This essay deals with the very first beginning of Schiller’s reception during the years 1790– 1794, which essentially has been neglected in the Swedish literary history. New research shows that the main emphasis of the Swedish reception of Schiller is on the 1790’s and not on the period after 1809. The main focus is thereby not on the Romantic era but on the Enlightenment. The Swedish Enlightenment has, if its existence has not been totally denied, usually been connected with French models. This view needs to be modified, and this essay will hopefully contribute to such a modification.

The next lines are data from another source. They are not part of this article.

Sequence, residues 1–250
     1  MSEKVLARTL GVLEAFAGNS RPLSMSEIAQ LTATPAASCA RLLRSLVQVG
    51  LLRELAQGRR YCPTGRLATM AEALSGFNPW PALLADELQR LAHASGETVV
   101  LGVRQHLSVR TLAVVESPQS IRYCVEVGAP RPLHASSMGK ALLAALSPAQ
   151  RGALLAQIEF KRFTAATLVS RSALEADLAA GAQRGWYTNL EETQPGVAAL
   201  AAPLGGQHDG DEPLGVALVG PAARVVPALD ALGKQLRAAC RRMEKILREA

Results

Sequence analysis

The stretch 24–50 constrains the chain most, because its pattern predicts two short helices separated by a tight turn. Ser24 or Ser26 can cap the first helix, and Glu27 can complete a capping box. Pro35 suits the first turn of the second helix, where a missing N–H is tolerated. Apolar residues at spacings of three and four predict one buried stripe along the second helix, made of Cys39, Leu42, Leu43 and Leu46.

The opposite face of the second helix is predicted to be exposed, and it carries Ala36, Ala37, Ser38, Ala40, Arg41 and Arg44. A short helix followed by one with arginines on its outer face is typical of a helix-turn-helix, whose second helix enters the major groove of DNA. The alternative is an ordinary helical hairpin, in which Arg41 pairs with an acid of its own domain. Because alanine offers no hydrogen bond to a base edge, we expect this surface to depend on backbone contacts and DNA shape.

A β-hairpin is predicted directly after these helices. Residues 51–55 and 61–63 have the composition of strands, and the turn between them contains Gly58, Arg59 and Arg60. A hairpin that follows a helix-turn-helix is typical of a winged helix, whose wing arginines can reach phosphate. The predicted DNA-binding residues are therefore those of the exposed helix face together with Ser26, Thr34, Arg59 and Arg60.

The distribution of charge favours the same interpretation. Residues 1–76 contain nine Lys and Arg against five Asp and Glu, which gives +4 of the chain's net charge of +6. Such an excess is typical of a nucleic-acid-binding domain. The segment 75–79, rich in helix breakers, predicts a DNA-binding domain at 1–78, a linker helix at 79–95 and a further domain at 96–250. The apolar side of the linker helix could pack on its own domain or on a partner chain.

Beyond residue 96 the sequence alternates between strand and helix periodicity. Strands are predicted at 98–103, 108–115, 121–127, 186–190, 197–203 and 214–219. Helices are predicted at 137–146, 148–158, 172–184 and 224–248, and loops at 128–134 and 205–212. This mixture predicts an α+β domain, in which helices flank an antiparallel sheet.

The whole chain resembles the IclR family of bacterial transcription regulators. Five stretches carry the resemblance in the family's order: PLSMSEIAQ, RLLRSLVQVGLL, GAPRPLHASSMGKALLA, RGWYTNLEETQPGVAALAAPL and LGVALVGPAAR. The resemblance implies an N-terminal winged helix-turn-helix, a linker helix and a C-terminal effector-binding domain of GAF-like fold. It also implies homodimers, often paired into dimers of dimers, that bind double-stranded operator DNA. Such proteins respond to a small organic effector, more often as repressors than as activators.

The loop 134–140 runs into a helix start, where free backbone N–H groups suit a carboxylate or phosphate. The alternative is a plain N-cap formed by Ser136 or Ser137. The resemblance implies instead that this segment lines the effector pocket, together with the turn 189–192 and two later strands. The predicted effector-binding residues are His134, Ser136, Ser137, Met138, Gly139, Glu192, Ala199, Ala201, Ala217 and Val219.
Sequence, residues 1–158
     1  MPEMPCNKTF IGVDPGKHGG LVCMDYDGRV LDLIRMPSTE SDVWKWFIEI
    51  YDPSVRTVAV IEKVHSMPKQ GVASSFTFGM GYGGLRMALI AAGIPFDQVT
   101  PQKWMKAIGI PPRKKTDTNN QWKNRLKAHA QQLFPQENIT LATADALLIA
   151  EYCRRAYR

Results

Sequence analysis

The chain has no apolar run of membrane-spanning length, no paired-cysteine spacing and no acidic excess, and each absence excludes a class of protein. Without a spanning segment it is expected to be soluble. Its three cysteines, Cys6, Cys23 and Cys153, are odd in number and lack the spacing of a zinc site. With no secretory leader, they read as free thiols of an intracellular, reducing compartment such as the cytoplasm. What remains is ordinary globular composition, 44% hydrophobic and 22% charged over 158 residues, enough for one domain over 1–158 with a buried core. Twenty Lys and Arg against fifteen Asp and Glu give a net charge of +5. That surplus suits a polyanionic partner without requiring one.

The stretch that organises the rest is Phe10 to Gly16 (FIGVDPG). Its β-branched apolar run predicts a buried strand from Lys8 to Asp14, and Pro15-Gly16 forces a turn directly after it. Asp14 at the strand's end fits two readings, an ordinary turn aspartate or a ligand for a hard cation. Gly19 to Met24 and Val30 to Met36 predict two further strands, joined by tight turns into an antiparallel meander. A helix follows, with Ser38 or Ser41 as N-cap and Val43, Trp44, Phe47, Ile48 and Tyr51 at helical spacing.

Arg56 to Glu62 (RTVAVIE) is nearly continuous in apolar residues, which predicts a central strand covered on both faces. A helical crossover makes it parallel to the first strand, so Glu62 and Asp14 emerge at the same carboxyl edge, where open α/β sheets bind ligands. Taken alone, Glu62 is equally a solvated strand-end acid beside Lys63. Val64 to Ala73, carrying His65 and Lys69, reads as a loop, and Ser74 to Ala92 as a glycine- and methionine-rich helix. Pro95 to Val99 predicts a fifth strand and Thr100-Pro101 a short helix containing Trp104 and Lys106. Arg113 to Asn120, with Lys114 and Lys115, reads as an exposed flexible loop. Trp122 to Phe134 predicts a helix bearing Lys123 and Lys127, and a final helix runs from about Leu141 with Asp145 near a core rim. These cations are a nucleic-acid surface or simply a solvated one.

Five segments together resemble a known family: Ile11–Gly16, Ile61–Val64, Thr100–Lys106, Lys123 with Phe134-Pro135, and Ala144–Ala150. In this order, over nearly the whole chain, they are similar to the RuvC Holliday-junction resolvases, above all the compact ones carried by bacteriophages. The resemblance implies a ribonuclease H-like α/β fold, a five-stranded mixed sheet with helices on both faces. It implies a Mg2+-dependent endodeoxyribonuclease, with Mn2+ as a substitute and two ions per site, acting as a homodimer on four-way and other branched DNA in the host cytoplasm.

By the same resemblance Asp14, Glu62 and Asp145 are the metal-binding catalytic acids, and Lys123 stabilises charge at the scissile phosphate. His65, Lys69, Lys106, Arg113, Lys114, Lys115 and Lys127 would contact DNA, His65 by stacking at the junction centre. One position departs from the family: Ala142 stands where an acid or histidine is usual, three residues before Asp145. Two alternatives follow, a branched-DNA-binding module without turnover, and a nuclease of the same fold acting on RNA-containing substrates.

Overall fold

As a matter of fact, the reception of Schiller in Sweden does not start with Leopold at all but with the ordinary readers of that period. Schiller titles can be found from the beginning of the 1790’s in the commercial circulating libraries, where Schiller appears to have been a popular writer. The very first title by Schiller, Don Carlos, had already been catalogued in Friedrich August Cleve’s circulating library in Stockholm in 1790. Cleve increased his collection every year, which means that his library 1793 could offer almost all Schiller’s works published up to that year.